What’s in a name? When the name in question is SuperReturn International, an annual conference for private equity professionals, the answer is a lot of hubris and even more irony. A celebratory affair when private equity players were helping to fuel an M&A boom, February’s SuperReturn International raised questions about whether its name was still suitable given that private equity returns across Europe fell 25% in 2008.
If nothing else, though, the plight of the shindig is certainly symbolic of
what has happened to private equity firms in recent years. In 2006 and 2007, as Mark Spinner, head of the London-based private equity team at law firm Eversheds, recalls, they were the “golden children” who could do no wrong. “All they had to do was deploy money in the market, refinance two years later and then sell the asset,” Spinner says.
But then the tide turned. The biggest players, including big US private equity firms KKR and Blackstone, have taken massive write-downs on their investments. Others are agreeing to give money back to hard-up investors rather than hold on to it for deals that may never materialise. “Now [private equity firms are] actually having to work hard for their money,” Spinner says.
And that goes for their CFOs too. Like their counterparts in other industries—and indeed their own portfolio companies—finance chiefs of private equity houses are getting to grips with the challenges of the downturn, whether that’s frosty banking relationships, intense investor-relations exercises or balancing short-term reactions to the crisis with long-term growth plans. Now the actions of these spotlight-shy CFOs could determine how the next wave of private equity deals plays out—and whether the returns will be described as anything approaching “super” again.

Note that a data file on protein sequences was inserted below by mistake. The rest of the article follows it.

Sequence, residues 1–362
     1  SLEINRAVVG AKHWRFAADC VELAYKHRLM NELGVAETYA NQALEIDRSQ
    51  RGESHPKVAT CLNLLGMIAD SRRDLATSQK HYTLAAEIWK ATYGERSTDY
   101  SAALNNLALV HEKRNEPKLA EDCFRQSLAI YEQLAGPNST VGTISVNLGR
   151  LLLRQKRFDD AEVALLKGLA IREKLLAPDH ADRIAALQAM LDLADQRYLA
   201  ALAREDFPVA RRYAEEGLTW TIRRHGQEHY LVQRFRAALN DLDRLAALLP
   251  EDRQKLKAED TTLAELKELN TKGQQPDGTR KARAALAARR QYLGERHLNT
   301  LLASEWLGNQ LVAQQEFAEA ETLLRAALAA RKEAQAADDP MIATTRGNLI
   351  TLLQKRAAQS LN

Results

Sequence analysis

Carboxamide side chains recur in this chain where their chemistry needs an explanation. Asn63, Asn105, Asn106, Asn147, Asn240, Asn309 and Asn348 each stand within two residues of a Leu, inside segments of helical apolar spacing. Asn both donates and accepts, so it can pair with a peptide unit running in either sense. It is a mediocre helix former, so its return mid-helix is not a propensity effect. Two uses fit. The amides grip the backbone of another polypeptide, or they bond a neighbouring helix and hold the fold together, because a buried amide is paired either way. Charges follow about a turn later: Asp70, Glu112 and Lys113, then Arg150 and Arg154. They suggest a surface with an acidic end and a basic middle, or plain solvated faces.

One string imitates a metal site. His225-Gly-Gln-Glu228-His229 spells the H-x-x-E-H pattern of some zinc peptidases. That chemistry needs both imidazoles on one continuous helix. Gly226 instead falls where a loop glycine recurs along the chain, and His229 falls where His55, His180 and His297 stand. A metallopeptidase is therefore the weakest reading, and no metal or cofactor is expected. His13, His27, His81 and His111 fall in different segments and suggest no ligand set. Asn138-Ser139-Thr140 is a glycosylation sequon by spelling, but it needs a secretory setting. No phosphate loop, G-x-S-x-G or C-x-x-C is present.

Questions of Capital
A particularly pressing challenge for private equity firms is the disappearance of debt. The finance director of a mid-market pan-European firm says that when he attempted to secure €500m recently to refinance a portfolio company, he approached 25 banks, of which only seven were interested. Even then, the banks would lend only half the required amount between them, leaving the firm no choice but to walk away and hope to refinance another day.
For other finance chiefs, a lack of familiar faces is as startling as a lack of funds. “People you’ve done business with [for] the past four, five, six years who were at a particular bank or institution have gone,” says Ashley Long, CFO of GMT Communications Partners, a London-based private equity firm specialising in Europe’s communications sector. “And if they haven’t gone, their role is changing, their hands are tied or the bank has just basically shut up shop.”
Perseverance can pay off, however. In February GMT refinanced the senior debt facilities of portfolio company Redext, a Spanish advertising business. The company’s existing lenders—BBVA, Banesto and CAM—provided €26.5m of senior debt facilities for working capital.
At Mid Europa Partners, a private equity company which invests in central and eastern Europe, chief operating officer Bill Morrow has accepted that credit lines will now be “priced beyond all recognition” and much less flexible than once would have been the case. “The banking market is not shut; it’s just not the same,” says Morrow, who, in the absence of a CFO, oversees Mid Europa’s finances. “There’s no underwriting, it’s expensive, it’s clubs and so you have to deal bank by bank. It’s excruciating. But we’re still talking to people, still finding ways to do stuff. It’s not all gloomy out there.”